Entrepreneurism & Academia
Standard Licensing Would Expedite Startups, Says U North Carolina Chapel Hill
- By Dian Schaffhauser
A standardized "express" technology transfer license developed at the University of North Carolina at Chapel Hill could expand the number of start-up companies formed from university research and help maintain American competitiveness. That's the conclusion of a report put out by the university and a foundation that promotes entrepreneurism.
According to "Facilitating the Commercialization of University Innovation: The Carolina Express License Agreement," typical startup arrangements involving technology transfers are often counterproductive. Among the complaints: the demand for "excessive equity for intellectual property, in some cases exceeding 15 percent; requiring royalties to exceed total cash flows; expecting external financing; and, imposing unpredictable or unreasonable financing terms."
The paper's authors, Joseph DeSimone, a professor of chemistry at U North Carolina at Chapel Hill, and Lesa Mitchell, a vice president in charge of advancing innovation at the Ewing Marion Kauffman Foundation, suggested that by adopting a standardized license, universities can reduce lag time in harvesting new knowledge uncovered by institutional researchers.
This recommendation departs from current commercialization guidelines issued by the Association of American Universities (AAU), which states that all technologies arise under unique circumstances and therefore require a customized licensing process. Calling "cookie cutter solutions insufficient," the AAU in a 2007 best practices whitepaper stated, "... It is our aim in releasing this paper to encourage our colleagues in the academic technology transfer profession to analyze each licensing opportunity individually in a manner that reflects the business needs and values of their institution...."
The Carolina Express License Agreement was developed by a university committee that included faculty members, participants from the Office of Technology Development (OTD), venture capitalists, and attorneys from firms that have represented university startups.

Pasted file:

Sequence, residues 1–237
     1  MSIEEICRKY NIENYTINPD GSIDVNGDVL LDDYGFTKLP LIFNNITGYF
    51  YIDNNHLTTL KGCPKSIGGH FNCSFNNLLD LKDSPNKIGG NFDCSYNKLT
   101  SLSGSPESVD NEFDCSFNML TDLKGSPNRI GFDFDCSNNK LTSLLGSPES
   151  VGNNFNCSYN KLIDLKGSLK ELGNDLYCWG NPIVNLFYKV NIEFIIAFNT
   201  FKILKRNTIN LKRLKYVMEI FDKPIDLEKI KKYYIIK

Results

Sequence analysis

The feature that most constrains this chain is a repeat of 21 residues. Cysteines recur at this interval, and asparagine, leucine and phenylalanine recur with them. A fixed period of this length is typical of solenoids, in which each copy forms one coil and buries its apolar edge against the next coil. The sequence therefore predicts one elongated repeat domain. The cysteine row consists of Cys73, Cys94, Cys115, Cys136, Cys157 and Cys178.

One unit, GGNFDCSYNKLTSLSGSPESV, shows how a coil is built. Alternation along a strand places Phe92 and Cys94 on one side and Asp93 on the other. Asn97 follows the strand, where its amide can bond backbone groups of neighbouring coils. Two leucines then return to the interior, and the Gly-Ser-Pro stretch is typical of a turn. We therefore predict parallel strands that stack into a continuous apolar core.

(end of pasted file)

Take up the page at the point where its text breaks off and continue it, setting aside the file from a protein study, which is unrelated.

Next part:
Key provisions in the agreement include a 1 percent royalty on products requiring FDA approval based upon human clinical trials, a 2 percent royalty on all other products, and cash payout equal to 0.75 percent of the company's fair market value in the event that the company is involved in a merger, stock sale, asset sale, or IPO. The license includes provisions that encourage broad commercialization of the licensed technology, including making products available for humanitarian purposes in developing countries.
"This new standard licensing agreement streamlines negotiations between universities and researchers during the startup phase," said co-author Joseph DeSimone, professor of chemistry and one of the architects of the new license. "The Carolina Express License Agreement maintains universities' intellectual property rights while recognizing that technologies, innovations and IP are only a tiny fraction of what is required to create a company."
The Carolina Express License Agreement documents, including the license agreement and a user guide, are posted on the UNC Web site.
Dian Schaffhauser is a writer who covers technology and business for a number of publications. Contact her at firstname.lastname@example.org.